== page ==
A series of works that use trash “as a symbol of abandoned connection between the earth and ourselves,” SHiFTiNG TECHNOLOGiA draws a link between environmental issues and individual concerns from trash to self-love and acceptance — as conveyed through dance and movement as well as visual art and voice. It all stems from the creative mind and physical body of Stone, a college gymnast and professional acrobat for popular shows in Las Vegas and at Sea World in San Diego — until a spine injury ultimately altered his focus to work in the fields of classical dance and abstract painting. Stone earned his MFA in Dance from the University of Maryland last year with a version of this work, which premieres as an evening-length production. Friday, Jan. 31, and Saturday, Feb. 1, at 8 p.m., and Sunday, Feb. 2, at 4 p.m. Joe’s Movement Emporium, 3309 Bunker Hill Road, Mount Rainier, Md. Tickets are $10 to $25. Call 301-699-1819 or visit


Canada’s esteemed ballet company concludes its engagement at the Kennedy Center with the classic ballet, set to Tchaikovsky’s captivating music, that put the company on the international map when choreographer Rudolf Nureyev brought it to the company in 1972 and chose for the title role Karen Kain, then a principal dancer, now artistic director. Kain’s staging of the ballet is faithful to Nureyev’s vision, itself based on Marius Petipa’s original choreography. Thursday, Jan. 30, and Friday, Jan.31, at 7:30 p.m., Saturday, Feb. 1, at 1:30 and 7:30 p.m., and Sunday, Feb. 2., at 1:30 p.m. Tickets are $29 to $149. Call 202-467-4600 or visit

Merry Wives — Photo: Cameron Whitman



Comedians from New York relive their most awkward sex/dating/relationship moments on stage at this naughty and raunchy annual storytelling event, which returns to the Black Cat. Comedian and Towleroad columnist Bobby Hankinson will add his awkward gay tales to an otherwise all-female show featuring Jen Keefe, Anita Flores, and Karolena Theresa, with host Natalie Wall. Saturday, Feb. 8. Doors at 8 p.m. 1811 14th St. NW. Tickets are $15. Call 202-667-4490 or visit


A handful of D.C.’s funniest women will take the stage at Folger Theatre to perform stand-up nodding to the production of The Merry Wives of Windsor. Set for two hours before the performance of Shakespeare’s comedy of feminine wiles, this Folger Friday stand-up event features Elahe Izadi, Kasha Patel, and Denise Taylor and is headlined by Washington Improv Theater’s all-female-identifying ensemble Hellcat. Friday, Jan. 31, at 6 p.m. 201 East Capitol St. SE. Tickets are $12 including fee. Call 202-544-7077 or visit


It’s been nearly five years since Mathews was seen atop Marriott International’s float, officiating a gay wedding ceremony during the Capital Pride Parade just weeks before the Supreme Court’s historic ruling in favor of same-sex marriage. He’s since popped up all over television, from serving as a regular judge on RuPaul’s Drag Race to coming in second (after Marissa Jaret Winokur) on the first American edition of Celebrity Big Brother. By now, we’ve all gotten to know the funny, sweet man who got his start as the all-caps GAY intern on The Tonight Show with Jay Leno two decades ago. He appears for a night of stand-up as part of a promotional tour for his latest memoir, Name Drop: The Really Good Celebrity Stories I Usually Only Tell at Happy Hour, set for release next week. Sunday, Feb. 9. Doors at 6 p.m. 535 8th St. SE. Tickets are $35, or $100 for VIP Meet & Greet. Call 202-400-3210 or visit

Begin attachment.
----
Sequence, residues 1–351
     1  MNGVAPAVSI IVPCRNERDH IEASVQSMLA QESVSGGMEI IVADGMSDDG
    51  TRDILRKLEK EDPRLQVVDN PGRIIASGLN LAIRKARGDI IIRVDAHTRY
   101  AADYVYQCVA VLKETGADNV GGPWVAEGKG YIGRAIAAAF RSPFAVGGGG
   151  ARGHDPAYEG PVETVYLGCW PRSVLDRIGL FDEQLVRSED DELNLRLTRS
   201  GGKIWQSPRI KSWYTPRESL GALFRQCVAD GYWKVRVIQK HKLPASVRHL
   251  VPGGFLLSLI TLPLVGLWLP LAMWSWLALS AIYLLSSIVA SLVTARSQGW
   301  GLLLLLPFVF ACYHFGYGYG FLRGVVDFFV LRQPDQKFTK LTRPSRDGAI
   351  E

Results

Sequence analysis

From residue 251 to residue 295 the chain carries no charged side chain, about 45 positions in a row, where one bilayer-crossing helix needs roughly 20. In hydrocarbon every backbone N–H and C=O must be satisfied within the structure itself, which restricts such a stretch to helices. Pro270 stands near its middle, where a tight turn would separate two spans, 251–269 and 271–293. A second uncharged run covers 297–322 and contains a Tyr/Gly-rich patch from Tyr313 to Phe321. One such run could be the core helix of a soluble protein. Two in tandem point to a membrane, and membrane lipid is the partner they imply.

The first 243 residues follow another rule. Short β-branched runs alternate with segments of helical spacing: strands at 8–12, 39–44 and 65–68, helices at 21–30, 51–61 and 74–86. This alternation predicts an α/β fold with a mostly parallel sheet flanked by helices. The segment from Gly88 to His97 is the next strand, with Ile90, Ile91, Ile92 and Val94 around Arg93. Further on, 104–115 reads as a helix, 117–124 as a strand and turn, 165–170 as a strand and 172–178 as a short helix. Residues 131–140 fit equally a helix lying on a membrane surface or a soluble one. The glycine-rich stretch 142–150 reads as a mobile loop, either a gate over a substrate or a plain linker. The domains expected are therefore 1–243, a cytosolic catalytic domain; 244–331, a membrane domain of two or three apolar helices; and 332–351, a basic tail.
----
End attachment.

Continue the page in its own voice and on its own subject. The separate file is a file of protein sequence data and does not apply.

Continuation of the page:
A comedy roast of nerdy, historic proportions, with a focus on dead celebrities — particularly heretofore hallowed, Hall of Famer-types, from emperors to inventors to entrepreneurs, more often than not straight, white men. That’s the name of the game at this show created by D.C.-based comedian and writer Benjy Himmelfarb and the late Dylan Meyer. Fellow nationally touring comedians join Himmelfarb for the roasting pursuit, getting into character and costume for “the meanest, funniest, most historically accurate jokes you’ve ever heard.” Friday, Jan. 31, at 7:30 p.m. Studio K in the REACH at the Kennedy Center. Tickets are $20 to $25. Call 202-467-4600 or visit


D.C.’s leading troupe for longform improv offers its annual “wintry mix” of vignettes featuring different ensembles, with each plot developed on-the-fly, spurred by a single audience suggestion. Each show is different, but all offer a grab bag of spontaneous comedy and long-form improv, including the all-female-identifying group Hellcat, the slyly named all-African-American group Lena Dunham, the improvising playwrights of iMusical, and the improvised rockers in Heavy Rotation. To Feb. 2. District of Columbia Arts Center (DCAC), 2438 18th St. NW. Tickets are $15 to $18. Call 202-462-7833 or visit

Laya Monarez: Demon on Dali’s Wing, 14×18, Acrylic and Marker on Canvass



In recognition of the significant cultural loss with the recent passing of Toni Morrison, the National Portrait Gallery displays Robert McCurdy’s painted portrait of the Pulitzer Prize- and Nobel Prize-winning author of Song of Solomon and Beloved. McCurdy’s portrait, based on an expressionless photograph he captured of Morrison “that has no implied past or future but exists in the eternal present,” has been added to the larger exhibition Twentieth Century Americans: 2000 to Present on the museum’s third floor. To Jan. 31. 8th and F Streets. NW. Call 202-633-8300 or visit